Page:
Featured Research

from universities, journals, and other organizations

MIT Helps Unlock Life-extending Secrets Of Calorie Restriction

Date:
January 1, 2004
Source:
Cold Spring Harbor Laboratory
Summary:
Shedding light on why drastically restricting calorie intake prolongs life span in some organisms, MIT researchers report in the Jan. 1 issue of Genes and Development that lowering the level of a common coenzyme activates an anti-aging gene in yeast.

CAMBRIDGE, Mass. -- Shedding light on why drastically restricting calorie intake prolongs life span in some organisms, MIT researchers report in the Jan. 1 issue of Genes and Development that lowering the level of a common coenzyme activates an anti-aging gene in yeast.

Calorie restriction extends life span in a wide spectrum of organisms, and has been shown to delay the onset or reduce the incidence of many age-related diseases, including cancer and diabetes. No one is sure why it works.

MIT Biology Professor Leonard P. Guarente discovered in 2000 that calorie restriction activates the silenced information regulator (SIR2) gene, which has the apparent ability to slow aging during the low-calorie diet. This gene makes a protein called Sir2, which is normally activated by the coenzyme molecule NAD. Guarente has shown that SIR2 is integrally tied to extending life span in yeast and in the roundworm. Humans carry a similar gene.

This latest study probes how Sir2 is activated by calorie restriction. The authors report that a coenzyme related to NAD, called NADH (nicotinamide adenine dinucleotide) inhibits Sir2 by blocking the action of NAD. During calorie restriction, levels of NADH decline in cells. This decrease in NADH allows NAD to better activate Sir2 and thereby extend life span.

"These findings provide a simple model for activation of Sir2 and extension of life span by calorie restriction," the authors write. "Our findings suggest that the NAD/NADH ratio can serve a critical regulatory function, determining the life span of yeast mother cells. A reduction in this nucleotide activates Sir2 to extend the life span in calorie restriction."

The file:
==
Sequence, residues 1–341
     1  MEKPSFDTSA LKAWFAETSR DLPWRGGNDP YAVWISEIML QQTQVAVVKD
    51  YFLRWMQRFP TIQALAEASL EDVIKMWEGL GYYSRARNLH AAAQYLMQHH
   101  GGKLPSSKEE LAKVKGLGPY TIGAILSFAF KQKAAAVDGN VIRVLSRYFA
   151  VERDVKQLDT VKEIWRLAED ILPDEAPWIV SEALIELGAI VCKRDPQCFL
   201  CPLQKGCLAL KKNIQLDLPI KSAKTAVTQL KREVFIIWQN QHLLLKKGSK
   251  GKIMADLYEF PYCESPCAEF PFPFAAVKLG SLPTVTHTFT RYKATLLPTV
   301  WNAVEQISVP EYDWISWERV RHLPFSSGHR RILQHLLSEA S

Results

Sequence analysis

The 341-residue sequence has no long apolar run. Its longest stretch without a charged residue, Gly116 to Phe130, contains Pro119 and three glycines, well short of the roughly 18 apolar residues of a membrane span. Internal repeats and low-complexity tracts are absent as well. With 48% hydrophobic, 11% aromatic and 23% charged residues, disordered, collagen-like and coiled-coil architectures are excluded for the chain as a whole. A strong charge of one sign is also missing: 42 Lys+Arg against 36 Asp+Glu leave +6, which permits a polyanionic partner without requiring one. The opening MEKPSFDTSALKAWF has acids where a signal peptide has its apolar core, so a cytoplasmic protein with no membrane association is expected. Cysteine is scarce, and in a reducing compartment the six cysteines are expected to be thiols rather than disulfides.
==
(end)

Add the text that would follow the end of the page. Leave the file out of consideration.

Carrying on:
In previous research, Guarente found that rather than a slower metabolism leading to a slower rate of respiration, it turns out that respiration in yeast cells under calorie restriction goes up, not down. "A high respiration rate is intimately connected with calorie restriction in yeast," he said. "A high respiration rate activates SIR2. When respiration goes up, NADH goes down and SIR2 goes up. When SIR2 goes up, longevity happens."

NADH, a coenzyme or enzyme helper, is present in all living cells. (An enzyme is a protein that works like a catalyst in the body to prompt chemical changes; for instance, turning food into energy.) NADH, an activated form of the B vitamin niacin, helps produce energy through a series of chemical reactions in the cell.

In cells, NADH stimulates the production of ATP (adenosine triphosphate), a compound that represents chemical energy in cells. The more NADH a cell has, the more stored energy it has. It remains to be seen whether these findings about yeast and NADH will relate to the extension of life span in mammals by calorie restriction.

In addition to Guarente, authors include Su-Ju Lin, now at the University of California at Davis; Ethan Ford, MIT postdoctoral associate in biology; Marcia Haigis, MIT postdoctoral fellow in biology; and MIT biology graduate student Gregory B. Liszt.